Think, Pray, Love

I’m a seminary student now. If there was any doubt about this before, the stack of 17 books I checked out of the library yesterday shattered it. Now my life primarily consists of sitting in three hour long classes, memorizing dates and Greek paradigms, and reading lots and lots of books. There’s some sleeping and eating in there somewhere, and my work at Greyfrairs, too. But seminary defines my days. And for the most part, I’m thoroughly enjoying the process. The information is interesting, the books stimulating, and the ideas engaging. But a rain cloud hangs over my studies and I only hope it doesn’t take me three years to realize that I’m wet and it’s been raining all this time. The rain cloud? Spiritual dryness. It’s an egregiously inconsistent metaphor, but the point is an important one: for many, spiritual dryness in seminary makes as much sense as a rain cloud pouring dryness on the world. How could you become spiritually dry when you are immersed in a spiritual community dedicated to training you in reading the Scriptures, knowing God, and loving people? Sadly, this paradox catches many a poor seminary student–and loving onlooker–unaware.

With all my studying and note-taking and memorizing I’m constantly assaulted by the temptation to treat these courses as simple mental exercises or challenges to excel above my peers. I’m tempted to treat these things with indifference or as a tool for gaining a degree. And it scares me. When sacred theology and sacred Scripture become tools to simply earn a grade or massage the mind, the sacred becomes profane, stripped of its glory for the sake of something that will not last. I suppose this is a danger with all types of study: for all types of learning can be sacred if taken as they were intended, a means to make us more like Christ and give us a deeper sense of worship and awe of the Creator; so when we use them as mere utilitarian tools, it loses its sacredness as well. But Scripture is a special means of Grace, far and above all means of knowing and worshiping. Scripture is God’s letter to us, and when we use it for our selfish agendas, we have thrown the letter into the fire: it burns in use for a moment, but the beauty and power of its purpose are lost. And if I follow this trajectory of using these Sacred studies as a means to a temporary end, then the fire will spread and all form of the life-giving water of the Word will be dried up in its path.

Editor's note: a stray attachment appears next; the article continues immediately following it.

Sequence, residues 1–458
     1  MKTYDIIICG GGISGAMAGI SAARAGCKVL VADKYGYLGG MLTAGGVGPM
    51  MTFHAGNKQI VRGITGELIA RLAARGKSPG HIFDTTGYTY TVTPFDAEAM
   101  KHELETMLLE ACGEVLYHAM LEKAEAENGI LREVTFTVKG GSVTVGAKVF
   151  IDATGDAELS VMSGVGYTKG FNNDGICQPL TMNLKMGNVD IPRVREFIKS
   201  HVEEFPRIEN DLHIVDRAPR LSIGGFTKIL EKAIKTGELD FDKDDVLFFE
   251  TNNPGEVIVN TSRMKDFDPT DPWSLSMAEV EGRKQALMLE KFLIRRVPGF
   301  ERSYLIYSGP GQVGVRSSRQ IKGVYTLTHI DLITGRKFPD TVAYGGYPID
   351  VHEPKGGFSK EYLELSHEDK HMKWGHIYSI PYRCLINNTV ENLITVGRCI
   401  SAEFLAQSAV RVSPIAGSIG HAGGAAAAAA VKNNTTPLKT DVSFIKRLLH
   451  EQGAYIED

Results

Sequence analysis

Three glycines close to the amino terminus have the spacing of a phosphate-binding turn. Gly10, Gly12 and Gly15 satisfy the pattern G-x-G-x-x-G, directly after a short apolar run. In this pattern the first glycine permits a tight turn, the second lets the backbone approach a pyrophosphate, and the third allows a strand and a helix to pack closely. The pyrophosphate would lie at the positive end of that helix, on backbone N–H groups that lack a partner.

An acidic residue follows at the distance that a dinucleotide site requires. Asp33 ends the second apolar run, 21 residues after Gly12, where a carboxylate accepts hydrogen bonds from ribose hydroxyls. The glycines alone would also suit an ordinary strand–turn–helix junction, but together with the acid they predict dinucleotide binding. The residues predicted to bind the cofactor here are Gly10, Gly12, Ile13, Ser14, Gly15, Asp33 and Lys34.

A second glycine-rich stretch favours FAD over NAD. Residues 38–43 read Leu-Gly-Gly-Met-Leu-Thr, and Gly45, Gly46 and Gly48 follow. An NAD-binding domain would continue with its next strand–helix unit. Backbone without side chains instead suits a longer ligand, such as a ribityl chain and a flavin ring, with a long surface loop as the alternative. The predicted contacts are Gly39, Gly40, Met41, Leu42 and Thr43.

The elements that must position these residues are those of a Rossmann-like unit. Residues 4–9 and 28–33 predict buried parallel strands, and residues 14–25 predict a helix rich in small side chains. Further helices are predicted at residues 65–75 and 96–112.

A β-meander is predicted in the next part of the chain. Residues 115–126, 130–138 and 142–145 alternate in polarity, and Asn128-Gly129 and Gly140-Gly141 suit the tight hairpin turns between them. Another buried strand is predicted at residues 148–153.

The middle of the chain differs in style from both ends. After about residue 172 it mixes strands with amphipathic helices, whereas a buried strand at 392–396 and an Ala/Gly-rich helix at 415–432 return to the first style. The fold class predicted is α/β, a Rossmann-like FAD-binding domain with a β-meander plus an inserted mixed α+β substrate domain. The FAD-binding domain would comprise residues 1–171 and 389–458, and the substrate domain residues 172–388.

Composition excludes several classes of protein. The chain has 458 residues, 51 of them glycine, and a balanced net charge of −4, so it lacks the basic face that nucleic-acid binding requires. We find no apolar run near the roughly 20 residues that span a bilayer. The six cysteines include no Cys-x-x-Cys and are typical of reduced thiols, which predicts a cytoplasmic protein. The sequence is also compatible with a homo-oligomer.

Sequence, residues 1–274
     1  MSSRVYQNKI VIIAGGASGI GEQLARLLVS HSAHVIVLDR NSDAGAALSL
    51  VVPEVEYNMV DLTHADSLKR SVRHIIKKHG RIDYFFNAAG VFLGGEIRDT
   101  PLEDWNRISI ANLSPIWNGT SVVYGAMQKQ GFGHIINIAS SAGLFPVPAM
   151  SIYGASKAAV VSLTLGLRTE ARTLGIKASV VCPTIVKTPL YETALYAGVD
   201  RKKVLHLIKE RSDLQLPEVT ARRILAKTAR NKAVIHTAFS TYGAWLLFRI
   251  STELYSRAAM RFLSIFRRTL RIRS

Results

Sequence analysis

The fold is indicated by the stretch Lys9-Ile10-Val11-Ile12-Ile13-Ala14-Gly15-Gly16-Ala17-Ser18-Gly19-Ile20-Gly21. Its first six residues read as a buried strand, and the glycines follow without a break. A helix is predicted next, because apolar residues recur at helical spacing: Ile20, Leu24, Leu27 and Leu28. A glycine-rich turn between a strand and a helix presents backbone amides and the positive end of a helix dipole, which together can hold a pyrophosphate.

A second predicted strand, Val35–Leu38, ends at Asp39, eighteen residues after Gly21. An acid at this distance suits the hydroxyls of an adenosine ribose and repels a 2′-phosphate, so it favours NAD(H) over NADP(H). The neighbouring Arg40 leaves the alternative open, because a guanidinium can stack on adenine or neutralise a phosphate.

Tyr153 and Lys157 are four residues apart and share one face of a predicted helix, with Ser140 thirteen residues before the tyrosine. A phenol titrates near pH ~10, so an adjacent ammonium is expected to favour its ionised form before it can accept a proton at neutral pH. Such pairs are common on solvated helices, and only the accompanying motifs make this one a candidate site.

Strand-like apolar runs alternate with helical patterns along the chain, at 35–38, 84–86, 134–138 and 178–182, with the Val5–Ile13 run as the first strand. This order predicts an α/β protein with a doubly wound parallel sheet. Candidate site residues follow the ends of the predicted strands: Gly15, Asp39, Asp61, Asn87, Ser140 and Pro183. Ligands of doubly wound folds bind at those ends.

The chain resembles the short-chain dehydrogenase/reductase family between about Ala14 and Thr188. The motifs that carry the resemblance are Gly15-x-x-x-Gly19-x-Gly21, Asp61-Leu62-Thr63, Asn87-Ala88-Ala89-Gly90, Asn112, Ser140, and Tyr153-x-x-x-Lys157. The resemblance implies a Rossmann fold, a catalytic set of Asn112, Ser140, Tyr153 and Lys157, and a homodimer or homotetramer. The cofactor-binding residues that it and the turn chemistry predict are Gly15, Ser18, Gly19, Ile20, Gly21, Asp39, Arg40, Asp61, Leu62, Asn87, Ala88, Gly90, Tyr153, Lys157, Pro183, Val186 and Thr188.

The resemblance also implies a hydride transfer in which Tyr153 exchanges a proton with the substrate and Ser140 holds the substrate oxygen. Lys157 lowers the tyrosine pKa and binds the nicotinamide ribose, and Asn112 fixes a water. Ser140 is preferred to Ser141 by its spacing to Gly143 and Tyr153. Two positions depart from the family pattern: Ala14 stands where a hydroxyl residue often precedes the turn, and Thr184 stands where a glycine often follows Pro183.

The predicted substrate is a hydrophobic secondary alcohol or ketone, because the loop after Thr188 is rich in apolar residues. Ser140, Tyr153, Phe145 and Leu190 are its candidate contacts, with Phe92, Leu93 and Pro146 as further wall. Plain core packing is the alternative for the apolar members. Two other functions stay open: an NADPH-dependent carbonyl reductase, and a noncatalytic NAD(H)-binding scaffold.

JoeByrdCemeteryA sobering thought, is it not? Sadly, many live this reality every year as seminary becomes a cemetery of enlivened minds and dead hearts. We students are tempted to become so absorbed in our studies, that we forget that the beauties of God we encounter in our books should motivate us to show that beauty to the world. We forget that the love of God we read about in our textbooks should flow out into loving relationships with those around us. And most importantly, we lose sight of the fact that the marvelous character of God we discuss every day must stir our hearts to worship and awe and wonder. The Person of God and the hurt of the world can become mere concepts while our hearts remain unmoved.

And the temptation can seep into the lives of all Christians, no matter if they’re seminary students, stay-at-home moms, or bread-winners. The maxim holds true that familiarity breeds contempt. And as the Scriptures, the community of God, the preaching of the Word, and the sacraments of the faith become normal to us, they can lose their life and their power. But there’s hope. These blessed things don’t have to create a desert in our souls–but only with effort.